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Sanchez v. LendingTree

October 12, 2010


The opinion of the court was delivered by: Honorable Janis L. Sammartino United States District Judge


Presently before the Court is Defendant LendingTree, LLC's (Defendant or LendingTree) motion to dismiss for failure to state a claim. (Doc. No. 5.) Also before the court is Plaintiff's opposition to the motion to dismiss (Doc. No. 8) and Defendant's reply. (Doc. No. 9.) For the reasons stated below, the Court GRANTS Defendant's motion to dismiss.


Plaintiff alleges that he was the owner of a home located at 3721 Herman Street, San Diego, CA, and that he contacted LendingTree to find "better options for refinancing his home." (Doc. No. 1 (Compl.) ¶ 5.) Plaintiff alleges that he provided LendingTree with his confidential information so that LendingTree could help him find the best loan providers. (Id. ¶ 10.) Instead of doing that, Plaintiff alleges that LendingTree "simply transferred his information to anyone who asked." (Id. ¶ 11.) Would be lenders allegedly made so many inquiries to his credit score that it dropped precipitously "from over 750 to the low 500's." (Id. ¶ 12.)

On March, 27, 2009, Plaintiff filed suit in San Diego Superior Court. (No. 3:09-cv-01135, Doc. No. 1.) LendingTree removed that action to this Court and filed a motion to dismiss. (Id., Doc. No. 3.) The Court granted the motion to dismiss and dismissed Plaintiff's case without prejudice. (Id., Doc. No. 6.)

Eight months later, Plaintiff refiled a substantially similar complaint in state court. LendingTree again removed the action. And it is that action that is presently before the Court. Defendant filed its motion to dismiss on August 4, 2010, Plaintiff opposed on September 21, 2010, and Defendant replied the next day. The hearing set for the motion to dismiss was thereafter vacated, and the matter was taken under submission on the papers. (Doc. No. 10.)


Federal Rule of Civil Procedure 12(b)(6) permits a party to raise by motion the defense that the complaint "fail[s] to state a claim upon which relief can be granted," generally referred to as a motion to dismiss. The Court evaluates whether a complaint states a cognizable legal theory and sufficient facts in light of Federal Rule of Civil Procedure 8(a), which requires a "short and plain statement of the claim showing that the pleader is entitled to relief." Although Rule 8 "does not require 'detailed factual allegations,' . . . it [does] demand[] more than an unadorned, the-defendant-unlawfully-harmed-me accusation." Ashcroft v. Iqbal, -- US - , 129 S.Ct. 1937, 1949 (2009) (quoting Bell Atl. Corp. v. Twombly, 550 U.S. 544, 555 (2007)). While the complaint need not contain detailed factual allegations, "a plaintiff's obligation to provide the 'grounds' of his 'entitle[ment] to relief' requires more than labels and conclusions, and a formulaic recitation of the elements of a cause of action will not do." Twombly, 550 U.S. at 555 (citing Papasan v. Allain, 478 U.S. 265, 286 (1986)). "Nor does a complaint suffice if it tenders 'naked assertion[s]' devoid of 'further factual enhancement.'" Iqbal, 129 S.Ct. at 1949 (citing Twombly, 550 U.S. at 557).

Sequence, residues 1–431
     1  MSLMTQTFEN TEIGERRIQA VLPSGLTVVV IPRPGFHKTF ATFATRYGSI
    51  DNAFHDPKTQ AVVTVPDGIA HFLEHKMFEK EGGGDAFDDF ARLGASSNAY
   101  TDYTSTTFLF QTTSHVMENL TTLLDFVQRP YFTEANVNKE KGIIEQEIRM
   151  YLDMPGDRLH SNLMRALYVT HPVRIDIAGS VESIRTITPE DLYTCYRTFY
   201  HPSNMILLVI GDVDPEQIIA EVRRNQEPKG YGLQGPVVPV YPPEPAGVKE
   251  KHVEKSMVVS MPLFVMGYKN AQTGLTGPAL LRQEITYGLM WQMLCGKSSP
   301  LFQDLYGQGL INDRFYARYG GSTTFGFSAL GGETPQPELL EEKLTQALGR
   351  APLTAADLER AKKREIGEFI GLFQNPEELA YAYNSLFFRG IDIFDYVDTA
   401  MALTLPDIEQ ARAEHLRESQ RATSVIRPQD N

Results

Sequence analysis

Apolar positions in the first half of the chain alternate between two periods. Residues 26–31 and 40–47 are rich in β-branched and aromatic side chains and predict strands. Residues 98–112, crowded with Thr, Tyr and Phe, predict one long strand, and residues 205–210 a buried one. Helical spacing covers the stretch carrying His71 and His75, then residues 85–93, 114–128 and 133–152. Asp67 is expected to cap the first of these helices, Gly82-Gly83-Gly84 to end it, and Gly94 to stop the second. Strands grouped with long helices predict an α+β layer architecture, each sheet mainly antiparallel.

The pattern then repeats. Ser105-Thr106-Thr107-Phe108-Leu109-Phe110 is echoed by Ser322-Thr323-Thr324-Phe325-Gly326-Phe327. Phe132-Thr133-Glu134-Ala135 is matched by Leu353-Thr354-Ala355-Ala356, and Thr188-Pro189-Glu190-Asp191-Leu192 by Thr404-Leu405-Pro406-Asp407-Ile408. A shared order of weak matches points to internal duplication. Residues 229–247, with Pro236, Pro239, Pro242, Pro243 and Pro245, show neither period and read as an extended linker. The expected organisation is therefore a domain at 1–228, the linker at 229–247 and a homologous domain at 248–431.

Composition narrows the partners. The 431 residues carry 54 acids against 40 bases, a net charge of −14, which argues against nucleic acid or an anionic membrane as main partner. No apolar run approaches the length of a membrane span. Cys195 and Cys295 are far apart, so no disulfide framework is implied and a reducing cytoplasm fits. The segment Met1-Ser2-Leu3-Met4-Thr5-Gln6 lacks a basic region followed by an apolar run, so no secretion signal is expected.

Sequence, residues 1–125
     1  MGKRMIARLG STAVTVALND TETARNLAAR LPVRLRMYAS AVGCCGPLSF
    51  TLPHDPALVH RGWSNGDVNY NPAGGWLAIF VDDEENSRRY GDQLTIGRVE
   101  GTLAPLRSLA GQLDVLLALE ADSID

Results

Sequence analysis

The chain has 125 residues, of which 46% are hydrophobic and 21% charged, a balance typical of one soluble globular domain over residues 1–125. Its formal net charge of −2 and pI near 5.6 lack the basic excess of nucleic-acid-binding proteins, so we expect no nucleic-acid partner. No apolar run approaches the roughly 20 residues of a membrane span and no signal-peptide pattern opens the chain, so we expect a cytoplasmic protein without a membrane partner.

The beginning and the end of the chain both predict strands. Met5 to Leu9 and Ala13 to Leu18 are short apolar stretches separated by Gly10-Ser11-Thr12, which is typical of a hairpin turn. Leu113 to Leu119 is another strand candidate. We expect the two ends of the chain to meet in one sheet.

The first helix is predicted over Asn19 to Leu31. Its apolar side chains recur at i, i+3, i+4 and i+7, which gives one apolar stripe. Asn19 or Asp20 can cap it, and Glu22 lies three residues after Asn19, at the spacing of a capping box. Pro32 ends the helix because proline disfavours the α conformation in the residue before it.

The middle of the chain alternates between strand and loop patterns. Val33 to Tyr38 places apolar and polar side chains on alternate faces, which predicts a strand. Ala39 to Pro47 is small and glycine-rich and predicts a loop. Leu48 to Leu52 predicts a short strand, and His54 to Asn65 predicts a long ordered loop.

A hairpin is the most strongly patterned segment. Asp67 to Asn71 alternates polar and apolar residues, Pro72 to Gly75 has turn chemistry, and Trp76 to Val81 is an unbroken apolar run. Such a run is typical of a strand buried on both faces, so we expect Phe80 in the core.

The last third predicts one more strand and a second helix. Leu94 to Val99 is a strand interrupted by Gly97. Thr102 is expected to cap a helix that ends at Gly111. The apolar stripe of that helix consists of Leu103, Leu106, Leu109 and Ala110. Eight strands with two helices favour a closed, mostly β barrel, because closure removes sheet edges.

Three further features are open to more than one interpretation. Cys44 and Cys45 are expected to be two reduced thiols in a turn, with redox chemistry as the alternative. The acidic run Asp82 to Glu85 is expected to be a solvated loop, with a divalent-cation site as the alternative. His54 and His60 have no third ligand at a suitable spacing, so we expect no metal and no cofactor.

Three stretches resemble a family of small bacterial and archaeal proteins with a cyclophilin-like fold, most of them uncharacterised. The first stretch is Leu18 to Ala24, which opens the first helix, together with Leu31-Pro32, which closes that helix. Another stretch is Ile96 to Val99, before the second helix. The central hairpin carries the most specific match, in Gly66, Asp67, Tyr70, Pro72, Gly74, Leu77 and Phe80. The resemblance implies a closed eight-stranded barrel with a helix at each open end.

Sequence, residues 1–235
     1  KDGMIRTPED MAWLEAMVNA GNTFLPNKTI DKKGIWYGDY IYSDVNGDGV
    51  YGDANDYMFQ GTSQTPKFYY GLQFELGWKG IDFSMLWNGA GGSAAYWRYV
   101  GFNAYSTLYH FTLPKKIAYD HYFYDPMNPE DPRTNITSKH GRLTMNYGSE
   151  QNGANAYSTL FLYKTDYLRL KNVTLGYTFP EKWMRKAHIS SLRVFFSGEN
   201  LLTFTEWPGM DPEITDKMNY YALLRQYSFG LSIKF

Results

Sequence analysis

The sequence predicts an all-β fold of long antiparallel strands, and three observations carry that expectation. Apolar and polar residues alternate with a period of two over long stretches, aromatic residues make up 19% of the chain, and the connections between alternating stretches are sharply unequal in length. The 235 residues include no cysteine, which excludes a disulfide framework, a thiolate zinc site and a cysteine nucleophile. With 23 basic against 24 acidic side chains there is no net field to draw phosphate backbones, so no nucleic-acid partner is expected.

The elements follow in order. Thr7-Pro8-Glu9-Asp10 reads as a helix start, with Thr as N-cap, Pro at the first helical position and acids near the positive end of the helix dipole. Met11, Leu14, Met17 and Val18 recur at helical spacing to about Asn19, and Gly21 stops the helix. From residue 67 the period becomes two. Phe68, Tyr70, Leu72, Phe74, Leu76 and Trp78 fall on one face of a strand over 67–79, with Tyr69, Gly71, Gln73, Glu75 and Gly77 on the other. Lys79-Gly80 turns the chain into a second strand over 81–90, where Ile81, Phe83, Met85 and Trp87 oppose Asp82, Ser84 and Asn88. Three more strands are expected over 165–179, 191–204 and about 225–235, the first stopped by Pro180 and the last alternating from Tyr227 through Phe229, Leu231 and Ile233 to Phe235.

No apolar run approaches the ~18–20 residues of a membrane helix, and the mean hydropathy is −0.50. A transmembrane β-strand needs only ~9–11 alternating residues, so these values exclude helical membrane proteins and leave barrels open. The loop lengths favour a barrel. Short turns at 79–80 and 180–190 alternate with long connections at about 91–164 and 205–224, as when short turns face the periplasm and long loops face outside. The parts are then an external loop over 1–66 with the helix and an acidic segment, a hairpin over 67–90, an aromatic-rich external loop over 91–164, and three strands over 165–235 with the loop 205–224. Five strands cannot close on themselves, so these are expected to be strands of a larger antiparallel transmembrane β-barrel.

"To survive a motion to dismiss, a complaint must contain sufficient factual matter, accepted as true, to 'state a claim to relief that is plausible on its face.'" Id. at 1949 (quoting Twombly, 550 U.S. at 570); see also Fed. R. Civ. P. 12(b)(6). A claim is facially plausible when the facts pled "allow[] the court to draw the reasonable inference that the defendant is liable for the misconduct alleged." Id. (citing Twombly, 550 U.S. at 556). That is not to say that the claim must be probable, but there must be "more than a sheer possibility that a defendant has acted unlawfully." Id. Facts "'merely consistent with' a defendant's liability" fall short of a plausible entitlement to relief. Id. (quoting Twombly, 550 U.S. at 557). Further, the Court need not accept as true "legal conclusions" contained in the complaint. Id. This analysis requires context-specific analysis involving the Court's "judicial experience and common sense." Id. at 1950 (citation omitted). "[W]here the well-pleaded facts do not permit the court to infer more than the mere possibility of misconduct, the complaint has alleged-but it has not 'show[n]'-'that the pleader is entitled to relief.'" Id.


Plaintiff's complaint sets out three causes of action under state law: negligence (Compl. ¶¶ 16--22), fraud (Compl. ¶¶ 23--29), and breach of fiduciary duty. (Compl. ¶¶ 30--39.) As discussed below, none of these causes of action can survive Defendant's motion to dismiss.

I. Negligence

To sustain a negligence claim, plaintiff must allege duty, breach of that duty, proximate cause, and damage. County of Santa Clara v. Atlantic Richfield Co., 137 Cal. App. 4th 292, 318 (2006). Each element must be adequately pled. The allegations accompanying this cause of action have not changed since the Court dismissed Plaintiff's first case. And the Court denies this cause of action for the same reason it was denied the first time. Plaintiff states that defendant "breached [its] duty in that it failed to protect his information or otherwise failed to live up to its duty." (Compl. ΒΆ 20). This is a conclusory statement and is therefore insufficient to establish the "breach" element of a negligence cause of action. Instead, it is merely a "formulaic recitation of the element[] of a cause of action." See Twombly, 550 U.S. at ...

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